At the beginning of the 2nd century AD, the Roman invaders defeated the rebellious Jews and changed the name of Judea to Syria-Palestine. As this name change suggests, Palestine was never a country, but rather a province far from the Roman Empire. Jews and Muslims – and Christians too – used to respect Abraham, the Jewish patriarch. They all agree that the monotheistic God they worship gave Abraham and his descendants the land between the Jordan and the Mediterranean. However, Muslims and Jews have never agreed about who their true descendants are.

The Jews base their descent on Isaac, the son of Abraham and his wife Sarah, and thus give priority to the matriarchal line of legitimacy. Muslims trace their lineage to Ishmael, Abraham's son with Hagar (Sarah's maid), thereby prioritizing the patriarchal line to claim their position of legitimacy.

Such controversies over genealogical legitimacy coupled with the fact that there has been no autonomous Jewish-Arab state in the country since the Romans defeated the Jews in 135 AD. C., paved the way for one of the greatest conflicts in history.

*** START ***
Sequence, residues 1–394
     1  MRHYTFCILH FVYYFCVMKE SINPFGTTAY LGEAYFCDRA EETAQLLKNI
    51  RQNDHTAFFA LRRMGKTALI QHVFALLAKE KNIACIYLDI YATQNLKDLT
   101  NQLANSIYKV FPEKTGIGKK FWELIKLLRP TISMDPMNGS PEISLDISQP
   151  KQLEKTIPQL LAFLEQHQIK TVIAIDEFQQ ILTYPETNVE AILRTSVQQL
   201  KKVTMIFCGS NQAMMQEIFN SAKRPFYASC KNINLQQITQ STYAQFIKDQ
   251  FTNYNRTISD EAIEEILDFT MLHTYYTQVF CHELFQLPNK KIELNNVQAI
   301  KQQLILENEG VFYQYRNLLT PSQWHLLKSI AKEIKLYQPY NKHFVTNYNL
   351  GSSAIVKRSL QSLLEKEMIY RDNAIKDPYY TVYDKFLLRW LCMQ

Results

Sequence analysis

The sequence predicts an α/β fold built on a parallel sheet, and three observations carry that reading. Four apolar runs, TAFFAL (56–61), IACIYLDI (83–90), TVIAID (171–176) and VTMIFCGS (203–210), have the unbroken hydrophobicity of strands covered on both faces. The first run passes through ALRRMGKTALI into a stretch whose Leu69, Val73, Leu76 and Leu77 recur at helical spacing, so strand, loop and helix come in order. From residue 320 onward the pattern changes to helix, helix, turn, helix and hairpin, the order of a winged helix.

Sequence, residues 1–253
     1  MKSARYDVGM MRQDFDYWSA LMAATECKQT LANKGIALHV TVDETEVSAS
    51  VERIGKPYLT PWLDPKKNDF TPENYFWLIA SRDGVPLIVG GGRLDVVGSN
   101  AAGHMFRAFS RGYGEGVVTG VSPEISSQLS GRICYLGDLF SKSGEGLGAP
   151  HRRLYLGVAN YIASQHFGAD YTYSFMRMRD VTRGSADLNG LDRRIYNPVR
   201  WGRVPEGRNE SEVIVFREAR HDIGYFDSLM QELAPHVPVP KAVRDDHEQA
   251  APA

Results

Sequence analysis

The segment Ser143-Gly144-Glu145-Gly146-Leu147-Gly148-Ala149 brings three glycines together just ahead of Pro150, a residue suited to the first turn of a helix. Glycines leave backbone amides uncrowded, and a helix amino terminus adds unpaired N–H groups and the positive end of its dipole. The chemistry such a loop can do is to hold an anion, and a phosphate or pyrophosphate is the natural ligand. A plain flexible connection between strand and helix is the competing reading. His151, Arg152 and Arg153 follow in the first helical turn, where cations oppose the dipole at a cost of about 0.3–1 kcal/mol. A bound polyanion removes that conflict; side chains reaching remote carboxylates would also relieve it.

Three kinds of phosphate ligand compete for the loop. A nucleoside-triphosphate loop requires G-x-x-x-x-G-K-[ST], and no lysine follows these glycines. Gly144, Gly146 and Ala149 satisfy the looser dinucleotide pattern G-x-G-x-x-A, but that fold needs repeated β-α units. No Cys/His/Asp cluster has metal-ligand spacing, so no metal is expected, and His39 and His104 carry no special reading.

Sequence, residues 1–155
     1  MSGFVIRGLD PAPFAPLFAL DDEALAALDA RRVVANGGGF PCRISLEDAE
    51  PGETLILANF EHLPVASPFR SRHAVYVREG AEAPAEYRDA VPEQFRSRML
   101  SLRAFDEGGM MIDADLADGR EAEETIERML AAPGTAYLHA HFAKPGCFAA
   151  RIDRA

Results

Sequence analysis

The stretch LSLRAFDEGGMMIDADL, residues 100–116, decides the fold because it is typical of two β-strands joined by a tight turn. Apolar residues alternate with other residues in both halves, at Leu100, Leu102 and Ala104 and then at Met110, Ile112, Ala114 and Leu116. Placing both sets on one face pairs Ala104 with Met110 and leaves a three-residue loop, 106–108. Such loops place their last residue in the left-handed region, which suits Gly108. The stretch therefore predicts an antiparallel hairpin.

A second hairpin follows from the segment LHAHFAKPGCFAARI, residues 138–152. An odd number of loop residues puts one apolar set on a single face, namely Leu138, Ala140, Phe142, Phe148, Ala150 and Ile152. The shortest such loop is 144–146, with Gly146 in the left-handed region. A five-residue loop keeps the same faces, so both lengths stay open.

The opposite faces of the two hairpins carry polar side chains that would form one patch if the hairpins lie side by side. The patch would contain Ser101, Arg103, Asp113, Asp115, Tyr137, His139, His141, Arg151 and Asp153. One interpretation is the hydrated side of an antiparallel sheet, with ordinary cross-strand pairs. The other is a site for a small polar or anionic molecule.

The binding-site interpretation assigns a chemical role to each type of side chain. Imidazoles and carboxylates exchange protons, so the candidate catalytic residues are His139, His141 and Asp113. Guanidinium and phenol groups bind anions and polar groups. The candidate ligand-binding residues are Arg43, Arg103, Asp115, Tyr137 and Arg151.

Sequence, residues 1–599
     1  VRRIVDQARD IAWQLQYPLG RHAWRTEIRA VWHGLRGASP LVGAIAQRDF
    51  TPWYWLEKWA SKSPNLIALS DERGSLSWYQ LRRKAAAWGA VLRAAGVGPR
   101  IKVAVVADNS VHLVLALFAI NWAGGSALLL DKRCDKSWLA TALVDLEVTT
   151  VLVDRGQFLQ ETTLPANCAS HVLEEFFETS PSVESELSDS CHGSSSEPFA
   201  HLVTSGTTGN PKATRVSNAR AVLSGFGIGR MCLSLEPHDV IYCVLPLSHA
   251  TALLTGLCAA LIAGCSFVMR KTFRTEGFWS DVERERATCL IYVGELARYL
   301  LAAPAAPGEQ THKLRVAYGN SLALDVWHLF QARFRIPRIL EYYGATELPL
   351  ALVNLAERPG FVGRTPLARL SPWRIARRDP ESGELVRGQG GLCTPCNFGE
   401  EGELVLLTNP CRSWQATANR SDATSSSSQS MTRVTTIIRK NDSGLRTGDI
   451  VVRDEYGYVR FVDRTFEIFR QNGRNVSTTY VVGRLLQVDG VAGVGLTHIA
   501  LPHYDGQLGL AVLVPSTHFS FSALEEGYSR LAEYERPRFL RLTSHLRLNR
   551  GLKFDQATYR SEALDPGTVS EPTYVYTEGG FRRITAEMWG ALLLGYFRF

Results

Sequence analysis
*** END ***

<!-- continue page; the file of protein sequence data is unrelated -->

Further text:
The United Kingdom was the last regional colonial power to work with the United Nations on a partition plan, dividing the country between its long-standing heirs (the Jews) and its long-standing neighbors (the Arabs), and it was there when the United Kingdom left the country between its long-time heirs (the Jews) and its long-time neighbors (the Arabs). The modern phase of what we know as the Israeli-Palestinian conflict began.

There is no doubt that the current scenario of hostilities depends on how history is interpreted, as Muslims and Jews disagree on what, in this particular case, is not just a set of true and chronological facts from the past. In this controversy, history is a selection, an often politicized account of these events. What becomes clear is that when different starting points are chosen and such events are told differently, the conflict arises and deepens.